Around Long Island



It is Sunday the morning after returning from the 2003 Around Long Island Regatta sponsored by the Sea Cliff Yacht Club and Mount Gay Rum. Visit for more info, results and related info.


Having recovered sufficiently to sit (on a pillow) at the computer I thought it would be a good idea to record some impressions and memories for further review, possibly to share with friends, family and other sailors.


Disclaimer: Bear in mind that these are just impressions and likely contain errors of fact and omissions of all sorts. I hope to produce a corrected version in the not too distant future. Anyway, to coin a phrase, “It is what it is”.


Some Notable Quotes:

1. “Ever seen three monkeys trying to fuck a football?”

2. “Rum, Sodomy and the Lash.”

3. “God, I love this shit!”

4. “God, I hate this stupid fucking sport!”

5. “This is a mistake.” (Followed by severe and prolonged retching)

6. “You’ve got about 3 minutes to figure it out or we’re going to have words.”

7. “If you’re born to hang you’ll never drown.”

8. “Wet paint!”

9. “Eat me first.”

10. “I always get sick at sea.” (“What?!?!?!?!”)

11. “This is the most fun I never had.”

12. “Wow.”

13. “It is what it is.”


The boat:

Indecent Proposal, a 1980s S2 9.1 (about 30 feet with a ten foot (?) beam.)

(Attach picture)


The crew:

Andrew Toomey, 35, American, moderately experienced sailor and racer

Glen Vitaglione, 50, American, master heavy air helmsman and navigator

John Dodson, 43, Australian, moderately experienced sailor

Steve Pritz, (40s), American, experienced sailor and racer


The owners:

John Shea, 35, American, former marine professional and all around sailor

Larry Boxerman, 50, American, skipper for this race

Toby Moors, 40, Australian, master light air helmsman and tactician


Wednesday Night Pre-Regatta Club Race

Additional crew:

Eric, former merchant marine, jovial wiseass and experienced sailor

John “Sully” Sullivan - Nice guy, experienced sailor and racer.



Light air. No boat in our class finished as a result.

Late finish, drinks and cheeseburgers,

Retired to Toby’s place with John D. at 0030 to sleep for a couple of hours.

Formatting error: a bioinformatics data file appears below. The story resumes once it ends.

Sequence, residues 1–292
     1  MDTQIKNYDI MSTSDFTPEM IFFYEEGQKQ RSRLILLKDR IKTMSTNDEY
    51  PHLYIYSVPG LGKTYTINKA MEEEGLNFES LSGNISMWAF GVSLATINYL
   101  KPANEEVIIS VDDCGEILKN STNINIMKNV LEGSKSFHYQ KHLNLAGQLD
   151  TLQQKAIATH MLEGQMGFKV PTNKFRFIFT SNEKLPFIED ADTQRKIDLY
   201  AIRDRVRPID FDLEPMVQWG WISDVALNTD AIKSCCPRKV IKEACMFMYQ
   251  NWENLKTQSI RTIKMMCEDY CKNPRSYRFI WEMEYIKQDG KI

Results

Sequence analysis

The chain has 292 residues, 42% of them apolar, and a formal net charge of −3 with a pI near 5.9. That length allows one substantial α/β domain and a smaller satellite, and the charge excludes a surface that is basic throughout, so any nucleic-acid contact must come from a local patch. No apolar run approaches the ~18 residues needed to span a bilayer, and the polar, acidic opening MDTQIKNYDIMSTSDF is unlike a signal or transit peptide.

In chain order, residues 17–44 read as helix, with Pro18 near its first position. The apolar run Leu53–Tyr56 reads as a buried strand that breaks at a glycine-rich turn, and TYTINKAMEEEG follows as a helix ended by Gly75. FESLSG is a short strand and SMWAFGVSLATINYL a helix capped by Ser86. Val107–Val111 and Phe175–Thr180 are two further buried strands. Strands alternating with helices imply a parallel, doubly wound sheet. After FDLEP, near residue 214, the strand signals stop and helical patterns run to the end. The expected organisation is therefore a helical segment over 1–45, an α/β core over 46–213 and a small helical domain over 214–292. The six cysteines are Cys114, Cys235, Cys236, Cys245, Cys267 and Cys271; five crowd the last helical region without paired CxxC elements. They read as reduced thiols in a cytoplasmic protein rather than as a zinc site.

Thursday AM

Awake at 0300. Shower. Depart for City Island Yacht Club.

Load boat and cast off motoring for Hell’s Gate cranking The Blues Brothers.  At this point I was concerned that we would be fighting the current as it was high at 1 AM but Glen correctly said we would catch the tail end of the ebb and we did.

I am questioned through Hell’s Gate.

“What offends you?”


“What’s your experience?”

“Done a few things, but never this.”

“You’ll do.”

Let me say right now these guys have a great sense of humor. You need one for this type of racing, as I have since learned. I never laughed as hard or as often as I did on this trip. We had a bit of barge traffic down the east river, and a lovely sunrise. We motored across New York Harbor to Liberty Landing in New Jersey to meet Hank.



Hank is a friend of John’s and a wealthy trucking magnate of some sort.

At 78 years old, having never owned a boat before, he bought a Nauticat pilothouse 44 ft. ketch with automatic everything. It is a VERY nice boat. Apparently he’s had some bridge trouble with it (Bang!) due to a construction fault in the boat, but it was impeccably (and expensively) restored. There are two throttle controls, one inside and one outside. When using the one outside the one inside would slip into reverse, but the throttle still worked. Not a pretty combination. Anyway Hank graciously provided coffee and breakfast after which we all retire for a snooze.



I awake and come on deck. Eric arrives with more fresh bagels. Larry wakes and we sit on the dock and talk a bit. John S. awakes and he and I go to the Big Red Boat for a last bathroom run and a shower. Well worthwhile.


While there I encounter my former employer George Samalot, a master sail maker from the Haverstraw Marina who will be racing his Laser 28 in the ALIR, thankfully not our division. I also ran into Greg, my first sailing instructor from SEAS. He is also racing in another division, which he later won. He is very glad to see me and proud to see that I have advanced in the sport. It is a short but friendly meeting.